6 Ways to Ensure the Profitability of Your Experiential Campaign + 6 Valuable Metrics
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- 11 min
- Aug 01, 2018
We’ve already introduced you to the basics of experiential marketing and highlighted some of the best experiential marketing campaigns. In this article we talk about approaches you can apply to ensure the success of your experiential marketing event.
No matter what experiential activity you choose, you need to track your campaign’s outcomes so you know what works and what doesn’t work for your brand. We’ll provide you with a list of the most efficient experiential marketing metrics and show you how to measure your experiential event with technology.
How to measure your experiential marketing campaign
One of the pitfalls that marketers can face is evaluating the results of their promotional events. Even if your experiential event gathers lots of visitors, that doesn’t automatically mean that they’ll turn into qualified leads.
To guarantee the profitability of your EM campaign, you need to create a detailed event marketing timeline and select the appropriate metrics corresponding to your business goals. To help you out, we’ve listed the main ways you can measure the impact of an experiential campaign. Here they are.
1. Attendee satisfaction
The main objective of any marketing campaign is to satisfy attendees Attendee satisfaction is quite tricky to measure, as satisfaction can be determined by numerous indicators. Therefore, you need to come up with your own specific indicators by establishing your campaign goals. Do you want your event to simply entertain attendees or do you want them to learn something new about your product?
One of the most common ways to estimate your attendee satisfaction is to calculate the Net Promoter Score. You can see the formula below.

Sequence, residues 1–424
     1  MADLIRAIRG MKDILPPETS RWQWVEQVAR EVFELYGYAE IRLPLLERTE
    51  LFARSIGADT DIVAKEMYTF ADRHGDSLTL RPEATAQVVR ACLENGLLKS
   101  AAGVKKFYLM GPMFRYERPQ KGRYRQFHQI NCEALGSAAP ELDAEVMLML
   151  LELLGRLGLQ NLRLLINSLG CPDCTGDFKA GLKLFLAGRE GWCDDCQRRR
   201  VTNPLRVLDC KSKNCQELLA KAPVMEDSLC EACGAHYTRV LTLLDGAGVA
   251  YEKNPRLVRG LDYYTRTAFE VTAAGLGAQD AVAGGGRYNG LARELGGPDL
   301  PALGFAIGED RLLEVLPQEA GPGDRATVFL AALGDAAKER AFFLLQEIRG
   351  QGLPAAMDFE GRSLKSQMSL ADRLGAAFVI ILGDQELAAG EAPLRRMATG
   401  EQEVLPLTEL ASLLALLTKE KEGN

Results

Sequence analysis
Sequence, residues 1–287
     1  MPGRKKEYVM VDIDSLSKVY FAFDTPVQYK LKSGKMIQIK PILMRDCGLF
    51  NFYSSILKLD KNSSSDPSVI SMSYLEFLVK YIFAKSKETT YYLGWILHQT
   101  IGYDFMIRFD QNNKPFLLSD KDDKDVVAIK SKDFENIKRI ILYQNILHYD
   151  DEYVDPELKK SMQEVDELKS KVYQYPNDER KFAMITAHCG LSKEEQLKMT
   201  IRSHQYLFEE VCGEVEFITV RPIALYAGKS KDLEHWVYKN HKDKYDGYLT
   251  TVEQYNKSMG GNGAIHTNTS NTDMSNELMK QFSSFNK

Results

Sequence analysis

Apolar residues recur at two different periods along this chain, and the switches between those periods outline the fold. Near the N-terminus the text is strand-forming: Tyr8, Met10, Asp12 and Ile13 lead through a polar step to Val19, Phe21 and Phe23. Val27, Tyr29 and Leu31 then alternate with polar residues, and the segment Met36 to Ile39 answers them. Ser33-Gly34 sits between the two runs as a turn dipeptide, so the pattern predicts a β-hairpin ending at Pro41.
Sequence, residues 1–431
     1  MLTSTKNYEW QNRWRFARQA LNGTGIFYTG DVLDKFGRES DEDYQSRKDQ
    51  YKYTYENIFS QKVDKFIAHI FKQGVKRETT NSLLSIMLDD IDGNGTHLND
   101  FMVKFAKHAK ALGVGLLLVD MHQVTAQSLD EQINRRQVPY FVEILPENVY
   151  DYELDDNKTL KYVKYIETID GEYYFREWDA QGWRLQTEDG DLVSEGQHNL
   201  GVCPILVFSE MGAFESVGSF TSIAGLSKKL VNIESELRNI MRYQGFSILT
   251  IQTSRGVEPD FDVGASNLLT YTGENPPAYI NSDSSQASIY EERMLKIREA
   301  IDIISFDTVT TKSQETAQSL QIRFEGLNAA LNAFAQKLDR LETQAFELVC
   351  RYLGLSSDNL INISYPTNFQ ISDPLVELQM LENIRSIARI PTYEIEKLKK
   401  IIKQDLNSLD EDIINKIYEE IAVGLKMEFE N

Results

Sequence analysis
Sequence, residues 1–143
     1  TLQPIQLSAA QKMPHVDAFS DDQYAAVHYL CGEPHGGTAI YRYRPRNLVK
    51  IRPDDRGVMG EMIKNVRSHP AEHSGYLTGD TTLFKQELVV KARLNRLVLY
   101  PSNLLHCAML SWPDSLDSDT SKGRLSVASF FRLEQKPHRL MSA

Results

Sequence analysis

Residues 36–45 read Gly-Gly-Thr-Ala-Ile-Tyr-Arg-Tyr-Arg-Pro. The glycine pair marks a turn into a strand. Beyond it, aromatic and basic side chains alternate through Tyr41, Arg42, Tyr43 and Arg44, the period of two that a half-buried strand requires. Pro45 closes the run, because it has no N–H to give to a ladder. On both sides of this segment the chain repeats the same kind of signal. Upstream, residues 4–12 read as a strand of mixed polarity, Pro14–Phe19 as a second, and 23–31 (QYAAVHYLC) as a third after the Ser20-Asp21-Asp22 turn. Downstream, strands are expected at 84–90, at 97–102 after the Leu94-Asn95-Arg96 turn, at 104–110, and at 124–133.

2. Social media mentions
How much content was created at your event by consumers, influencers, and the press? Social networks can be a valuable source of information. Likes and shares can help you define the level of customer engagement with your campaign, whereas reactions to the event can serve as unfiltered feedback. Social media lets you find out what people are actually thinking of your event.
3. Gross revenue
Gross revenue is the total sales revenue generated from your campaign before any deductions such as sales discounts. This metric shows how your marketing campaign influenced your selling ability.
4. Cost to revenue ratio
The cost to revenue ratio shows you the efficiency of your event spending. Put simply, you can evaluate the quantity and quality of resources you used for your experiential campaign and determine a particular resource helped you achieve your marketing goals.
5. Customer acquisition cost
Customer acquisition cost (CAC) indicates how much money you spent to get a new customer. To calculate this ratio, divide the total cost of your campaign by the number of new customers you got thanks to the campaign. Suppose you spent $1000 on an experiential marketing event and generated 100 new leads. In this case, the customer acquisition cost would be $10.
6. Conversion rate
The conversion rate demonstrates the percentage of leads from the event who actually take the desired action: make a purchase, order your service, or do something else. The conversion rate helps you identify how well you attracted the right people to your event.
Beyond these KPIs, you can also track the success of your experiential marketing events with technology solutions.
7. Apply ready-made analytics tools
Seventy-five percent of event professionals admit that they’re lacking enough data to build precise attendee profiles. Using modern technology, event professionals can fill in this missing information.
Analytics tools let you obtain more accurate data about your experiential events and track numerous metrics simultaneously. We’ve created one tool of this type called Exposure Analytics. Exposure Analytics is a platform that supports real-time event analytics for offline marketing. It connects with video cameras and Wi-Fi sensors to collect, process, and provide information on how customers interact with events. The platform offers visualized heatmaps and customer flow illustrations coupled with detailed statistical reports.